Childhood & Early Years
Kalpana Chawla was born on 17 March 1962 in Karnal, a city located in the Indian state of Haryana. However, her official date of birth, which was altered to enable her to appear for her matriculation examination, was 1 July 1961. At home, she was called Monto.
Her father, Banarasi Lal Chawla, originally from the Multan district of West Punjab, relocated to Haryana after the country was partitioned in 1947. On coming to India, he started working as a street hawker; later a cloth seller and a metal fabricator. Eventually he set up a tire manufacturing business.
Her mother, Sanyogita Chawla, was a homemaker. She was a very supportive and liberal lady. At that time, girls’ education was considered a luxury; yet she made sure that all her girls went to school.
Kalpana was born youngest of his parents’ four children; she had two elder sisters named Deepa and Sunita and an elder brother named Sanjay. From the very beginning, the children were encouraged to work hard and to gather knowledge.
According to her brother Sanjay, Kalpana was the most intelligent of them. Always a precarious and confident child with lots of natural curiosity, she loved to discover how things worked. The sky, with stars twinkling in it, also caught her fancy.
In summer nights, as the family went to the rooftop to sleep, Kalpana remained awake for a long time, watching the stars twinkling in the sky. She also became interested in airplanes early in her childhood, scrambling to the rooftop as planes from nearby flying club roared over their house.
For her formal education, Kalpana was enrolled at Tagore Bal Niketan Senior Secondary School. Till then known as Monto, she herself chose ‘Kalpana’ as her good name because it meant ‘imagination’.
At school, she enjoyed studying Hindi, English and Geography; but Science was always her favorite subject. A good student, she used to secure good ranks all through her school years.
Although she excelled in academics she was not a bookworm, taking keen interest in extracurricular activities and her obsession with airplanes never wavered. In drawing classes, while her classmates drew mountains and rivers she would draw colorful airplanes and make airplanes models in craft classes.
In 1976, Kalpana graduated from Tagore Bal Niketan, passing her class 10 board examination with flying colors. Thereafter, she entered DAV College for Women for her plus 2 education. By then, with the launching of Viking I in 1975, she had become keenly interested in space technology.
While explaining the concept of null set in algebra, her teacher in DAV College gave the example of Indian women astronauts as there was no Indian women astronaut at that time. To everybody’s surprise, Kalpana got up to say, “Who knows Ma’am, one day this set may not be empty!”
In 1978, she completed her schooling from DAV College and decided to enter Punjab Engineering College, Chandigarh, with Aeronautical Engineering. While her father objected to the idea, believing teaching or medicine to be more suitable career option for a girl, her mother gave her unfaltering support. Eventually, her father relented.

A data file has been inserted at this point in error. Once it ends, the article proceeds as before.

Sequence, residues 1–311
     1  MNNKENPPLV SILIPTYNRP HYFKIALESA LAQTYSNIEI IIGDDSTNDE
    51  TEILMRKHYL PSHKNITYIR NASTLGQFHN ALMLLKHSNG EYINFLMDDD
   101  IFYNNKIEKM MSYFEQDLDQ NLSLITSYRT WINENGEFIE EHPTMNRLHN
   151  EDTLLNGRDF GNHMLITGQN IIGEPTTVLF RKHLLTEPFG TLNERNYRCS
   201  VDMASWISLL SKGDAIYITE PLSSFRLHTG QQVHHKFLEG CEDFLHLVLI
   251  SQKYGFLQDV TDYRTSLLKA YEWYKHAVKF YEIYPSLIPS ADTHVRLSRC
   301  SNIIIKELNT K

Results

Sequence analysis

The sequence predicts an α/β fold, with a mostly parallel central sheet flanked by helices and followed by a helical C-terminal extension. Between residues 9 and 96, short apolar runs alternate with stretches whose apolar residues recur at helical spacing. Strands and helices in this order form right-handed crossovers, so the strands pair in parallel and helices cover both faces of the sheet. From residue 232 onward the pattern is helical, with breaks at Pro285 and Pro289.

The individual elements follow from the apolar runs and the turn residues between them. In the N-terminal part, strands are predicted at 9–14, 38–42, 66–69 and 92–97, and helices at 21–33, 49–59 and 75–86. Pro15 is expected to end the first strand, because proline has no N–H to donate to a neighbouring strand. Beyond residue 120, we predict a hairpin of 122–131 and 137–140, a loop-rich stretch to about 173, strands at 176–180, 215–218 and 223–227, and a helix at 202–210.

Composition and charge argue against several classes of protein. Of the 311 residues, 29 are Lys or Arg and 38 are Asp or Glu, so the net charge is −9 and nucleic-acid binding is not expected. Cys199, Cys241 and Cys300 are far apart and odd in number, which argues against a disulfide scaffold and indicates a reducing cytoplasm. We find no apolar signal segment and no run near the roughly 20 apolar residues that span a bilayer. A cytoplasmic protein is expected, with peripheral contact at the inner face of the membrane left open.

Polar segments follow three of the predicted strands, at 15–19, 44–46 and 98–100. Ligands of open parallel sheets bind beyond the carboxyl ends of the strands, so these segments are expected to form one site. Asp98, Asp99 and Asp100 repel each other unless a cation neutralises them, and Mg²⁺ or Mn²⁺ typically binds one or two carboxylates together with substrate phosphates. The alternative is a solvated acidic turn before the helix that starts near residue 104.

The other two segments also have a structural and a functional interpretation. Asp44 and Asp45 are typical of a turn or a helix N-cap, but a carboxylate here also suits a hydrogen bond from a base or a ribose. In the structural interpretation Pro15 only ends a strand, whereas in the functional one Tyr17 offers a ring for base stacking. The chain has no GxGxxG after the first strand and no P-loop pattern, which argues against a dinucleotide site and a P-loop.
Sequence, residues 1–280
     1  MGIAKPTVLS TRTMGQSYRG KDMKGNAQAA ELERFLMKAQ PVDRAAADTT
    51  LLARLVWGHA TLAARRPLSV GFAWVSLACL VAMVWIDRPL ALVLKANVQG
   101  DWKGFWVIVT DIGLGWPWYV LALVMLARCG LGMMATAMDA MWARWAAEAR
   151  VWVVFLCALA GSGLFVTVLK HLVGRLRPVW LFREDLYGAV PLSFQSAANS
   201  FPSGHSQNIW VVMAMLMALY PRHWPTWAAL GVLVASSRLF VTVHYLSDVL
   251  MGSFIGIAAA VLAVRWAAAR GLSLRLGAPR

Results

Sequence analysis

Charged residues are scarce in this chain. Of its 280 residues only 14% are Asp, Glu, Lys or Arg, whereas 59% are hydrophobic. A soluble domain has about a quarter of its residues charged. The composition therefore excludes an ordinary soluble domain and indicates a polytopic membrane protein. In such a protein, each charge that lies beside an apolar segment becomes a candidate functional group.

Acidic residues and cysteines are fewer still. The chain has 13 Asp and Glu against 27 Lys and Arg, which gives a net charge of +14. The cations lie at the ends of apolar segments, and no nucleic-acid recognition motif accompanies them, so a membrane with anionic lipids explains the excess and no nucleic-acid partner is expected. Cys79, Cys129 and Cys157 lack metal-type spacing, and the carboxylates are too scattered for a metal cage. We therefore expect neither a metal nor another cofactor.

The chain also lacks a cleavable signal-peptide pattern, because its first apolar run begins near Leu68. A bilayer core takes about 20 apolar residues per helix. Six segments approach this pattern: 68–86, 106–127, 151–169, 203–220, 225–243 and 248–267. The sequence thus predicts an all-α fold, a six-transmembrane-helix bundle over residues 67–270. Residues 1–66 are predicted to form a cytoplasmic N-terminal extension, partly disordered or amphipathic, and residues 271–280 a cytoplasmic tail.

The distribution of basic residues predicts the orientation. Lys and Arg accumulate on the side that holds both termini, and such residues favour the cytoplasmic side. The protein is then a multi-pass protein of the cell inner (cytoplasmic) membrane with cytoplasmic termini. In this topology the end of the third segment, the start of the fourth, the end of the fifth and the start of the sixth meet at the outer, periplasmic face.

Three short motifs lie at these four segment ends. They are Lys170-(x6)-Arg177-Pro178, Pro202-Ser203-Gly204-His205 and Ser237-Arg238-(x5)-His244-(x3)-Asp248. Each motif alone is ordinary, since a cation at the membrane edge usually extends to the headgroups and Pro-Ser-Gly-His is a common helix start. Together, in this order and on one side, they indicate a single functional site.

In 1978, Kalpana moved to Chandigarh to enter PEC with Aeronautical Engineering. She was the only female student in her batch and as she could not avail the hostel facility, she hired a small room over a garage and began to live in it, cycling to her college every day from there.
Along with her formal studies, she began to read books and magazines on aviation. In her college, she joined both the Aero Club and Astro Society; shortly becoming one of the joint secretaries of these clubs. Concurrently, she also started learning karate, and earned a black belt.
In 1982, Kalpana earned her Bachelors degree in Aeronautical Engineering, securing the third rank in her batch. With it, she became the first female aeronautical engineer to pass out from Punjab Engineering College. For her master’s degree, Kalpana secured admission in Aerospace Engineering at the University of Texas in USA.
Although her family was reluctant to let her go abroad she was able to persuade them and left for the USA in 1982, joining University of Texas at Arlington a little late. She graduated from there in 1984, earning her first Master of Science degree in Aerospace Engineering.
In 1984, after graduating from University of Texas, she joined University of Colorado Boulder, earning a second Master of Science degree in Aerospace Engineering in 1986. Thereafter, she began to work on her doctoral thesis, earning her PhD in 1988.
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In 1988, Kalpana Chawla began her career at NASA’s Ames Research Center. There, she started working on power-lift computational fluid dynamics, concentrating on the concept of vertical and/or short take-off and landing. Once the project was complete, she began working on mapping of flow solvers to parallel computers.
In 1993, she was made Vice President of Overset Methods Inc. and moved to Los Altos, California, with the responsibility of developing efficient techniques to perform aerodynamic optimization and implementing the same. There, she formed a team of researchers and began working on simulation of moving multiple body problems.